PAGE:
Southwest Operations Return ‘Close to Normal’ in Chicago Following Deicing Meltdown

Feb 12, 2018

This post contains references to products from one or more of our advertisers. We may receive compensation when you click on links to those products. Terms apply to the offers listed on this page. For an explanation of our Advertising Policy, visit this page.

Following an icy situation, Southwest is expecting Monday operations to return to “close to normal.” Sunday’s winter weather in Chicago forced Southwest Airlines to cancel all of its flights out of Midway Airport (MDW), as the carrier reportedly ran out of deicing fluid.

In a statement, the carrier said that the weather in the Chicago area was so bad that it forced it to cancel the flights: “Throughout the storms, we’ve actively worked to manage our glycol levels (used to deice aircraft) but due to the severity of the winter weather Southwest has proactively canceled about 220 flights as of midday Sunday.”

Since the carrier had to use so much deicing fluid, it ended up running out — prompting the mass cancellation.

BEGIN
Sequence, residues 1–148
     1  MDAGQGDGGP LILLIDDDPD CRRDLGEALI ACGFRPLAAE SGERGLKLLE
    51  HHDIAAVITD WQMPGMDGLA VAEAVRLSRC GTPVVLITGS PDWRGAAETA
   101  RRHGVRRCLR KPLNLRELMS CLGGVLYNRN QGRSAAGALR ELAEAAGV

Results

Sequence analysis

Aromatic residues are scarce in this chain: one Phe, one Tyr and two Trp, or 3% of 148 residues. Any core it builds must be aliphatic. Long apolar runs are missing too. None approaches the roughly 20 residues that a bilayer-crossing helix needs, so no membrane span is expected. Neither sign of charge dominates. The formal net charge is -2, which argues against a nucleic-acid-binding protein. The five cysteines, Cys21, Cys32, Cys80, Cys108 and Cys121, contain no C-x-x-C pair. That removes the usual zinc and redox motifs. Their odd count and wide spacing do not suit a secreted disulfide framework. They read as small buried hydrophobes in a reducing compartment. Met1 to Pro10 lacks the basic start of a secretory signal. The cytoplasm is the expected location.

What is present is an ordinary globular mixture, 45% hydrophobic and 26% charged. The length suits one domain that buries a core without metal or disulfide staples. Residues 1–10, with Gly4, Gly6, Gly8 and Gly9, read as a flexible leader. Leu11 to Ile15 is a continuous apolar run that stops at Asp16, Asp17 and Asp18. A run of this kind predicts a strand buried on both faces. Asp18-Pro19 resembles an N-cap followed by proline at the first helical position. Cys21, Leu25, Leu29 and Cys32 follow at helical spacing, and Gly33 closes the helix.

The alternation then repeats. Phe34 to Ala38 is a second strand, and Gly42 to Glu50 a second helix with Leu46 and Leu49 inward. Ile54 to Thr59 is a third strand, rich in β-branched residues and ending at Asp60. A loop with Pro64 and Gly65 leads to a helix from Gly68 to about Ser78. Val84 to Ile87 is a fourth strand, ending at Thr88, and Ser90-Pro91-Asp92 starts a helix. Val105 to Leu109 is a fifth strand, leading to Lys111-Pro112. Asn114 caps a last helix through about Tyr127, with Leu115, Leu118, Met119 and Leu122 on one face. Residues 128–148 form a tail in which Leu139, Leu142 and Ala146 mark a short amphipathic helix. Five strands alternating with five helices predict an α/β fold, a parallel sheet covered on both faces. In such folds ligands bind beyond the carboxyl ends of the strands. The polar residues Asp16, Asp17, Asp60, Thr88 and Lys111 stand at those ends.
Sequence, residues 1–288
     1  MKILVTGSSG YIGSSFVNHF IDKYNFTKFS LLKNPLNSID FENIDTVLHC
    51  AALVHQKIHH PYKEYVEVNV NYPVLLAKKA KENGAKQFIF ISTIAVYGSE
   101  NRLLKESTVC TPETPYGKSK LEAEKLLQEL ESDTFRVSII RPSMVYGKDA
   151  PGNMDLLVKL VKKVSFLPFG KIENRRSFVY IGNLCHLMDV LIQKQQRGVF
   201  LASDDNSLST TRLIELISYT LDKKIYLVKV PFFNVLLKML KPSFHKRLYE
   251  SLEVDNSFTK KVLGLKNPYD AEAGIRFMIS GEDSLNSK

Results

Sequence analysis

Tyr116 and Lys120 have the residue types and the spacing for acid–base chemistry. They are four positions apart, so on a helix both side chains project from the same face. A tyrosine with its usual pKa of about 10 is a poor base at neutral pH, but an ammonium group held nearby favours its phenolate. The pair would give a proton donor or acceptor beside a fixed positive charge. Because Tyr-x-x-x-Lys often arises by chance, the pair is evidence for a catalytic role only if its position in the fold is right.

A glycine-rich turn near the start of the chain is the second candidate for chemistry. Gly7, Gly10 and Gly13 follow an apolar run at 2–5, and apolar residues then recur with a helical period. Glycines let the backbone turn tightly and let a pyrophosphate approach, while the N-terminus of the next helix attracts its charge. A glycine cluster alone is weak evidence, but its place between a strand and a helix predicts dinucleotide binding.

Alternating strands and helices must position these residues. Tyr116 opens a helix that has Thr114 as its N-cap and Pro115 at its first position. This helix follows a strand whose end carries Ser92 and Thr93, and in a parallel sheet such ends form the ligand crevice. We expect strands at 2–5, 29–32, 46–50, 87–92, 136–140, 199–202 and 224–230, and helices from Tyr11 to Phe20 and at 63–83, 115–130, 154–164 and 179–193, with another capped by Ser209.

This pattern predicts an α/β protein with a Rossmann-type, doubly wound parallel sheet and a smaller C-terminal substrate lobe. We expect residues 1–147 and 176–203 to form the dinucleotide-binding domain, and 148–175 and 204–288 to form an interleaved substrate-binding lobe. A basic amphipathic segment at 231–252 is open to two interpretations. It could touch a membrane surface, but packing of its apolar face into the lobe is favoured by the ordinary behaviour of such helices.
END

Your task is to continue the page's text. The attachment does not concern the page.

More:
Since Sunday’s shutdown, Southwest has reportedly received replacement deicing fluid — enough to resume MDW operations close to normal. However, a FlightRadar24 search shows that 53% of MDW departures have been delayed on Monday — at least 30 of which are Southwest-operated.

If you’re traveling through MDW with Southwest on Monday, it’ll be best to check the status of your flight before heading to the airport.

Sunday’s weather-related issue wasn’t the first time that Southwest has faced de-icing problems. In late 2017, Southwest canceled more than 90 flights because of de-icing delays.

Featured image by RaksyBH /

H/T: Chicago Tribune

Editorial Disclaimer: Opinions expressed here are the author’s alone, not those of any bank, credit card issuer, airlines or hotel chain, and have not been reviewed, approved or otherwise endorsed by any of these entities.

Disclaimer: The responses below are not provided or commissioned by the bank advertiser. Responses have not been reviewed, approved or otherwise endorsed by the bank advertiser. It is not the bank advertiser’s responsibility to ensure all posts and/or questions are answered.